Wednesday, December 23, 2009

Landmarks (43)

Sometimes the moment just requires one piece of music, and only that piece.  I had such a moment this evening when I just needed Heinrich Isaac's motet Quis dabit capiti meo aquam? (1492).  As a lament on the death of Lorenzo de' Medici ("the magnificent"), it's about as elite as a piece of art can get, and the rest-in-peace sentiment is definitely not a sentiment I share*, but still: is there anything as devastatingly beautiful as this?  

Three features stand out for me: the devastating drop of the bass in the opening phrase, a single gesture which casts everything that follows into the darkest hues; then, where the poet Angelo Poliziano, punning on Laurel/Lorenzo, lets lightning strike, Issac has the tenor sing Laurus tacet and  one of the four voices drops out, marking Lorenzo's absence with an absence in the musical texture; and then there's the bass line, which takes a bit of chant, Et requiescamus in pace, restating it five times, but at each pass it is sequenced down a scale step,  a bit of technique that is obvious, minimalist even, yet uncanny in its effect (in the passacaglia which ends my string trio, Figure & Ground, I plain stole Isaac's idea of an ostinato which develops systematically with each reiteration, in my case in extending in length rather than modulating it).  There is much more to treasure here, with the textural and harmonic variety of the entire work providing a strong counter-charge to a work with pre-compositional, even systematic, elements.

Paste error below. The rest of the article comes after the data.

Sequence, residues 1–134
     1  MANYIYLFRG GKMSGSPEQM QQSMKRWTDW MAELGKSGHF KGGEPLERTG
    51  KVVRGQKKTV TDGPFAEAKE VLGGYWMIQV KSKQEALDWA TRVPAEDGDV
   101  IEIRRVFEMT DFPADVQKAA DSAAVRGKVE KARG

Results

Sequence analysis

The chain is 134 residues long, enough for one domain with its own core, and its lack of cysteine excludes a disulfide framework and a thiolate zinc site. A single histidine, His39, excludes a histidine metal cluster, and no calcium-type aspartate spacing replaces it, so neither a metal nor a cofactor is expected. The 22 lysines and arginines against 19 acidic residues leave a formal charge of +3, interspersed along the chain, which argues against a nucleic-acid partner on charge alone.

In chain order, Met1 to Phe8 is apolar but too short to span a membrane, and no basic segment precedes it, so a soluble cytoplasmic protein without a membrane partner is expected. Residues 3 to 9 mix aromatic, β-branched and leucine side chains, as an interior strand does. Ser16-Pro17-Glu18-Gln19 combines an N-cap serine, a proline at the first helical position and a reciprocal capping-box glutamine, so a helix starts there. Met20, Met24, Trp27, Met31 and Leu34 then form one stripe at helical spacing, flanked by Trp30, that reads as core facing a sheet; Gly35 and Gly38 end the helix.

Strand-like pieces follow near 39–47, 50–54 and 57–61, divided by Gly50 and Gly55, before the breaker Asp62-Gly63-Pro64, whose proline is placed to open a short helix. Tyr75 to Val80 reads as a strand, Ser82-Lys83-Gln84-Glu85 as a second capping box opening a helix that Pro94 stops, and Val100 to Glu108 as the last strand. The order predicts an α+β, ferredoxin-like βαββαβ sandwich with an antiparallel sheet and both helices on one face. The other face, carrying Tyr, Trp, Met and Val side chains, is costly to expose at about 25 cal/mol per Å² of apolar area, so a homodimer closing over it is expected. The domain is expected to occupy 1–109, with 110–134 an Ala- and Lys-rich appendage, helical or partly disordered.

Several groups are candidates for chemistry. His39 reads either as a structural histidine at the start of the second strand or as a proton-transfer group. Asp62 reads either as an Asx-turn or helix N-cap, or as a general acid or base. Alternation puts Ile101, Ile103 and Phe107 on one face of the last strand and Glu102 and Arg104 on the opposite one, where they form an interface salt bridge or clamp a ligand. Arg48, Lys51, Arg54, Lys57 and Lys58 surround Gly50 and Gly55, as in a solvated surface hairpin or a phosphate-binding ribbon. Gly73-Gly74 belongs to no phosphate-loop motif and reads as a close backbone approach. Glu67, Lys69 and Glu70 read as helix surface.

What most devastated me at this moment, today, was that I couldn't locate a copy of this music. It doesn't seem to be available online and my old photocopy of the original notation (from which I first sung this piece, in Idyllwild in '76 under the conductor Jon Bailey)  is nowhere to be found. But fortunately, a piece of this strength has a way of imprinting itself in memory; could one ask anything more of a lament? 


* For the record, when I go, I want my ashes to be placed in an hourglass, so that, at least in one way, I may keep on working.


Sunday, December 20, 2009

Dept. of Libretto Opportunities

Sometimes you come across a blog item that just begs to be turned into an opera libretto.  Here's one by the blogging mathematician Tanya Khovanova, that is just bursting with suggestion and promise: 

Gelfand’s Memorial

(The mathematician) Israel Gelfand’s memorial is being held at Rutgers on December 6, 2009. I was invited as Gelfand’s student.

My relationship with Gelfand was complicated: sometimes it was very painful and sometimes it was very rewarding. I was planning to attend the memorial to help me forget the pain and to acknowledge the good parts.

I believe that my relationship with Gelfand was utterly unique. You see, I was married three times, and all three times to students of Gelfand.

Now that I know that I can’t make it to the memorial, I can’t stop wondering how many single male students of Gelfand will be there.

Material Press Blog

My blogging has become somewhat promiscuous, as I'll now also be contributing to the Material Press blog at  Expect lots of news about new scores and performances of works by Material Press composers, including Alvin Lucier, Gordon Mumma, Hauke Harder, Markus Trunk, Douglas Leedy, Ann Warde, Jonathan Segel, and Daniel Peter Biro.

Landmarks (42)

Joseph Haydn: Die Vorstellung des Chaos from Die Schöpfung (Hob. XXI:2)(1796-98).

The overture to this oratorio, the "representation of chaos", takes the form of a fantasy. In late 18th century concert music, a fantasy was an improvised solo keyboard genre, a showpiece for a virtuoso composer-performer, and often characterized musically by bold harmonic experimentation. (The fantasies left by Mozart are the best examples of the genre, if necessarily tamed and edited in their notated form.) In this case, however, the fantasy is through-composed and orchestrated, which is entirely appropriate for a composer who was not himself a popular virtuoso performer, but rather a Tonsetzer and orchestrator of spectacular skill and invention.